At block 306, the word images are grouped into clusters based on the similarity of the images. Word images that are visually similar may be grouped into the same cluster, and word images that are visually dissimilar may be grouped into different clusters. Each resulting word cluster can include multiple instances of the same word with the same font-style and size. For example, each instance of the word “universally” in the image-based document with the same font-style and size may be grouped into the same cluster. Upper case and lower case versions of the same word, being visually distinct, may be grouped into different clusters.
Any suitable image clustering technique may be used to generate the image clusters. In embodiments, a dimension reduction algorithm, such as Principle Components Analysis (PCA) may be used to generate an n-dimension feature vector for each word image. The feature vectors may be hashed using a Locality Sensitive Hashing (LSH) Function, such as a Concomitant Rank Order Hash Function. The hashing function provides a set of hash values, or hash set, corresponding to the word image. The degree of similarity between word images corresponds to the degree of similarity between the hash sets generated for the word images. In other words, the degree of similarity between two word images may be described as the degree of intersection between the corresponding hash sets. Word images that are visually similar will be likely to correspond with hash sets that share hash values. Whereas, word images that are dissimilar will be likely to have hash sets that are disjoint. Using the hash sets, a sort-based hash-clustering algorithm may be used to generate the image clusters. By clustering the word images as described herein, all of the word images in a single image cluster are likely to represent the same actual word. As used herein, the “actual word” refers to the word that would be perceived by a reader of the image-based document.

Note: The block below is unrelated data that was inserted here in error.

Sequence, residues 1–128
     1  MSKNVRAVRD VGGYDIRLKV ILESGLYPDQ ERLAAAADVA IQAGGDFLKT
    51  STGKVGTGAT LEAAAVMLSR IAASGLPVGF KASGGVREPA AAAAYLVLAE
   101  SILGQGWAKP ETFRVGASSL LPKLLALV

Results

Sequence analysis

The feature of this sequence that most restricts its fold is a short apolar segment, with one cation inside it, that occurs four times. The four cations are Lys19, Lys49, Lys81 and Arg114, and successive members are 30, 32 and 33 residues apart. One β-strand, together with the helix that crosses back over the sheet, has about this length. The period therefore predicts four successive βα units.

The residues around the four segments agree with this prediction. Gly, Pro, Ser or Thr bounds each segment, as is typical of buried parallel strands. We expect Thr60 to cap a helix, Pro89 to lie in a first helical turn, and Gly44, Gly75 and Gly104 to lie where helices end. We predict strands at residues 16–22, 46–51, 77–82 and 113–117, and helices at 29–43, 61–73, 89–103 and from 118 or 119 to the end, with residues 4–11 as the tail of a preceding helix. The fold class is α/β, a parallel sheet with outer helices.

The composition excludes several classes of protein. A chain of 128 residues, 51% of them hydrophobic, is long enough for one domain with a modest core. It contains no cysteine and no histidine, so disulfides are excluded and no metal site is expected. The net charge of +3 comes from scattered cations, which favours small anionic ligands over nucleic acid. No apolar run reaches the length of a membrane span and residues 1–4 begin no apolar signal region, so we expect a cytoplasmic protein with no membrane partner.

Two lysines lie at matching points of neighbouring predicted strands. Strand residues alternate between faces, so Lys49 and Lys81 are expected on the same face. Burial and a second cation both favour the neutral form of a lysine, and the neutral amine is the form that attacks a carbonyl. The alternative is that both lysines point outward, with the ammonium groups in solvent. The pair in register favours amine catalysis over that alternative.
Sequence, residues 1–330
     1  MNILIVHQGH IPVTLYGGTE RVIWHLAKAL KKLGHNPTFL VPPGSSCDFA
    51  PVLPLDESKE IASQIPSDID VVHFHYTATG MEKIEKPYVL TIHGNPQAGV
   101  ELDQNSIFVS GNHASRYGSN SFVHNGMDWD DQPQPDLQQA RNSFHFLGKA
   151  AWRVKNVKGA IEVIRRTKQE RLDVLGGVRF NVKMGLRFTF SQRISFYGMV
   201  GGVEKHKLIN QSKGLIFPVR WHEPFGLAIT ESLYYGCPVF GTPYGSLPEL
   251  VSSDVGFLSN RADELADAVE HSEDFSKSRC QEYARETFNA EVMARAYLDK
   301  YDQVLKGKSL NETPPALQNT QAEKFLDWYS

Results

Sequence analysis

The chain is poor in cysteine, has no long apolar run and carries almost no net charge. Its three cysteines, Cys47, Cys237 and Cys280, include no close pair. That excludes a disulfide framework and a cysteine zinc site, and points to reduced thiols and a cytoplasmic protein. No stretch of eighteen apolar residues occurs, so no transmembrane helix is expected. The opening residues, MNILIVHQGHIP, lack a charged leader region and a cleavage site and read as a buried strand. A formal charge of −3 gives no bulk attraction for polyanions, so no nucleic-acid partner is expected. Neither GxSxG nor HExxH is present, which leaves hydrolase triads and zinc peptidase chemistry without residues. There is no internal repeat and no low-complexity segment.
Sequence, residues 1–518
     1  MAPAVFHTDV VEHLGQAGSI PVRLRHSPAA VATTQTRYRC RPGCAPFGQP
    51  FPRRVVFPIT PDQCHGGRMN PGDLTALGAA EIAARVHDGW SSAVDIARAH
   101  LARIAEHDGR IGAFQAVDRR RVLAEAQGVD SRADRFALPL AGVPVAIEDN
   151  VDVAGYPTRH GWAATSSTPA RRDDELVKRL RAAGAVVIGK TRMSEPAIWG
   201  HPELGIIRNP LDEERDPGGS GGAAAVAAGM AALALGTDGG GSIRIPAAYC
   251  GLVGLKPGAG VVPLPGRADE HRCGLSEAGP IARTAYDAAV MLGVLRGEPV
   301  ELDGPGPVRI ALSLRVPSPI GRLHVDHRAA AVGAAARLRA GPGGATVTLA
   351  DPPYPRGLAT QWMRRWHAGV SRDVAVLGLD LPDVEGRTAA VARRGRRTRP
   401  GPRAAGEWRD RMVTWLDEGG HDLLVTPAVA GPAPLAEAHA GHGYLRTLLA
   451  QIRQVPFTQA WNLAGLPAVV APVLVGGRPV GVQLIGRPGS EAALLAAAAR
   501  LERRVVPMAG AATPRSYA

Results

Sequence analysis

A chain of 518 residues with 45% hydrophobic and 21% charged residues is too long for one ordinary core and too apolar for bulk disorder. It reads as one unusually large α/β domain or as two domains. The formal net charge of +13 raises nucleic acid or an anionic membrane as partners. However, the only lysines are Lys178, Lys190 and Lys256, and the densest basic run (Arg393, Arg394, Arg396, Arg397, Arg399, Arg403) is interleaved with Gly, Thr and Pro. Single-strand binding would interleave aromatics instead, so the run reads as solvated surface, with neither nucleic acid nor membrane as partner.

At block 308, a character-coded transcription may be generated for each word cluster. Because the word images in each word cluster represent the same actual word, the word clusters can be used to reduce character recognition errors. Thus, a more accurate OCR transcription may be achieved for each word. Techniques for generating the character-encoded transcription for each word cluster are described in relation to